• 42. Nichols J.F M.J. Rauh M.T. Barrack H.S. Barkai (2007) Bone mineral density in female high school athletes: interactions of menstrual function and type of mechanical loading. Bone 41: 371-377.

  • 43. Nichols J.F. M.J. Rauh M.J. Lawson J. Ming H.S. Barkai (2006) Prevalence of the female athlete triad syndrome among high school athletes. Arch. Pediatr. Adolesc. Med. 160: 137-142.

  • 44. Nova E. A. Montero S. López-Varela A. Marcos (2001) Are elite gymnasts really malnourished? Evaluation of diet anthropometry and immunocompetence. Nutr. Res. 21: 15-29.

  • 45. Peach G. G. Schep R. Palfreemen J.D. Beard M.M. Thompson R.J. Hinchliff (2012) Endofibrosis and kinking of the ilac arterie in athletes: A systemic review. Eur. J. Vasc. Endovasc. Surg. 43: 208-217. DOI: 10.1016/j.ejvs.2011.11.019.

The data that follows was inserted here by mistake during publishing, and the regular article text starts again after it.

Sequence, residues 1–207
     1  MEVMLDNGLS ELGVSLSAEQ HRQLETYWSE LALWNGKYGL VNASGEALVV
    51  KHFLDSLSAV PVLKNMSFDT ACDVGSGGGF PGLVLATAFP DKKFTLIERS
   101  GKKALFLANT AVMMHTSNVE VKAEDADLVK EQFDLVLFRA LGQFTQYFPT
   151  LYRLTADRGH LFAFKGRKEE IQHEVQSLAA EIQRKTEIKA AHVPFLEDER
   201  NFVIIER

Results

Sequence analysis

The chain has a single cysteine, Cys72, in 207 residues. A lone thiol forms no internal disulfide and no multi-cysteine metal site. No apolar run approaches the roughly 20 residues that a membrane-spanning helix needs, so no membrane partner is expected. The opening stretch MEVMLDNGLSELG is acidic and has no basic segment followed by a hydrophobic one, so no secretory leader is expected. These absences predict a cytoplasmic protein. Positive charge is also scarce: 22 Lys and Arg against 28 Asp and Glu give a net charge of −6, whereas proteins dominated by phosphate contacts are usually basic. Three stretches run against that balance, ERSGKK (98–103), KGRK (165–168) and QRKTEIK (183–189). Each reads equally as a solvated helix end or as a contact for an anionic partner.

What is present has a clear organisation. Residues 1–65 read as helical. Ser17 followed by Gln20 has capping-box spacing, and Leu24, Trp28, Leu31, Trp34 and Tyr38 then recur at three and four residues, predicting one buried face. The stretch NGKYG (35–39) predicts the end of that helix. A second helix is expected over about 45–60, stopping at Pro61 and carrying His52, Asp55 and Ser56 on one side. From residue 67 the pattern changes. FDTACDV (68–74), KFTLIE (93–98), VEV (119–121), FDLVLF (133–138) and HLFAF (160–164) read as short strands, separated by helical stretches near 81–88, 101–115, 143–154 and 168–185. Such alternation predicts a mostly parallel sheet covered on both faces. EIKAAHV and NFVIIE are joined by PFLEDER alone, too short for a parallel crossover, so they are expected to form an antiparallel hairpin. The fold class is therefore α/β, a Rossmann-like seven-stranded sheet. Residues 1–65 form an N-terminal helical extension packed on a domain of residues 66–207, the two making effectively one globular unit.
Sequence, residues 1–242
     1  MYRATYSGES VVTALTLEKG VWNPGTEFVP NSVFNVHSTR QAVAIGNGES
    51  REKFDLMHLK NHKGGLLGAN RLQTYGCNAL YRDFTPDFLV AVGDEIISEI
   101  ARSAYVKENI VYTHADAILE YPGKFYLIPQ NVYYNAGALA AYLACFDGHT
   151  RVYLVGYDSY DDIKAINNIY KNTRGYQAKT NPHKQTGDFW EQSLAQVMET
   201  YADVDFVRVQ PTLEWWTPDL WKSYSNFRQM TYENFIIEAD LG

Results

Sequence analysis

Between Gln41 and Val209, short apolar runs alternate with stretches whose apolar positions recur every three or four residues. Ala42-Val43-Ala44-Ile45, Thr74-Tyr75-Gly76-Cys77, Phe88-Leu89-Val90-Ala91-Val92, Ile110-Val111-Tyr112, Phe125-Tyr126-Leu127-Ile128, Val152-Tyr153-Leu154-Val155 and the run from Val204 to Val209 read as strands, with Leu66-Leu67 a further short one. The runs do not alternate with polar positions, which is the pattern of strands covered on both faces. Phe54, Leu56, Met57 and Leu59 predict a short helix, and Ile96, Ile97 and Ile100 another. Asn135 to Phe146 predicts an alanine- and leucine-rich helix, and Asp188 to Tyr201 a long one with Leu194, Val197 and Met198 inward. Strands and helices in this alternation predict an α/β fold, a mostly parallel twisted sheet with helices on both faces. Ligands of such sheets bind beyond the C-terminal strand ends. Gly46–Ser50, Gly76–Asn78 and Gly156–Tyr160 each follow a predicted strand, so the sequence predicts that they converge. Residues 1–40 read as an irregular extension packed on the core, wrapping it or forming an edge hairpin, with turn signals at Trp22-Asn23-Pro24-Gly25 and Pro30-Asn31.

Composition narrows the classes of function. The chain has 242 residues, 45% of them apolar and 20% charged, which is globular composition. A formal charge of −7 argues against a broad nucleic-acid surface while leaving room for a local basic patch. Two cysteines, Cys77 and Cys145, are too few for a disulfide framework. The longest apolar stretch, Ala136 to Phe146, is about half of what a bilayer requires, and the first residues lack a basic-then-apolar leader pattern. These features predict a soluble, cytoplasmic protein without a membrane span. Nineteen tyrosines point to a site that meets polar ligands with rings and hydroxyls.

• 46. Prior J.C. K. Cameron B.H. Yuen J. Thomas (1982) Menstrual cycle changes with marathon training: anovulation and short luteal phase. Can. J. Appl. Sport Sci. 7: 173-177.

  • 47. Reed J.L. J.L. Bowell B.R. Hill B.A. Williams M.J. De Souza N.L. Williams (2011) Exercising women with menstrual disturbances consume low energy dense foods and beverages. Appl. Physiol. Nutr. Metab. 36: 382-394. DOI: 10.11349/H11-030.

  • 48. Reed J.L. M.J. De Souza J.M. Kindler N.I. Williams (2014) Nutritional practices associated with low energy availability in Division I female soccer players. J. Sports Sci. 32: 1499-1509.

  • 49. Resch M. G. Sznedel P. Haasz (2004) Eating disorders from gynecologic and endocrinologic view: hormonal changes Fertil. Steril. 81: 1151-1153.